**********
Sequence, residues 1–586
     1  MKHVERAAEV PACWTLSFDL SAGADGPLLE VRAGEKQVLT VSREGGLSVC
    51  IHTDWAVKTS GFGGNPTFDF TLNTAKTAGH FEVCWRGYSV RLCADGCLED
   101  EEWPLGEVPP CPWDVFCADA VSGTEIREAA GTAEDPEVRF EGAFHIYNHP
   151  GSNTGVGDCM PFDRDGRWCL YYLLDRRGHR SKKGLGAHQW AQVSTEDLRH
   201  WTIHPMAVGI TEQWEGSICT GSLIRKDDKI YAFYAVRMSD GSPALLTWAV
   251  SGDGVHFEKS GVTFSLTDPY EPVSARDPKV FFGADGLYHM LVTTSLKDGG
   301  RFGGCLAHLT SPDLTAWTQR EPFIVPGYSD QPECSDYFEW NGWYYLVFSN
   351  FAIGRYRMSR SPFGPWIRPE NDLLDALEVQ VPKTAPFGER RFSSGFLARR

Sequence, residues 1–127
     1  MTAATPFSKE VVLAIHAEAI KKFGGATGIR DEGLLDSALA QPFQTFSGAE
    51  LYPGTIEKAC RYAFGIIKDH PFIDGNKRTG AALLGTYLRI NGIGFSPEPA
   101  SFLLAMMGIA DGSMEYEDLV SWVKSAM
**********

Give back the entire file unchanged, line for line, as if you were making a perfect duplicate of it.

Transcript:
Sequence, residues 1–586
     1  MKHVERAAEV PACWTLSFDL SAGADGPLLE VRAGEKQVLT VSREGGLSVC
    51  IHTDWAVKTS GFGGNPTFDF TLNTAKTAGH FEVCWRGYSV RLCADGCLED
   101  EEWPLGEVPP CPWDVFCADA VSGTEIREAA GTAEDPEVRF EGAFHIYNHP
   151  GSNTGVGDCM PFDRDGRWCL YYLLDRRGHR SKKGLGAHQW AQVSTEDLRH
   201  WTIHPMAVGI TEQWEGSICT GSLIRKDDKI YAFYAVRMSD GSPALLTWAV
   251  SGDGVHFEKS GVTFSLTDPY EPVSARDPKV FFGADGLYHM LVTTSLKDGG
   301  RFGGCLAHLT SPDLTAWTQR EPFIVPGYSD QPECSDYFEW NGWYYLVFSN
   351  FAIGRYRMSR SPFGPWIRPE NDLLDALEVQ VPKTAPFGER RFSSGFLARR

Sequence, residues 1–127
     1  MTAATPFSKE VVLAIHAEAI KKFGGATGIR DEGLLDSALA QPFQTFSGAE
    51  LYPGTIEKAC RYAFGIIKDH PFIDGNKRTG AALLGTYLRI NGIGFSPEPA
   101  SFLLAMMGIA DGSMEYEDLV SWVKSAM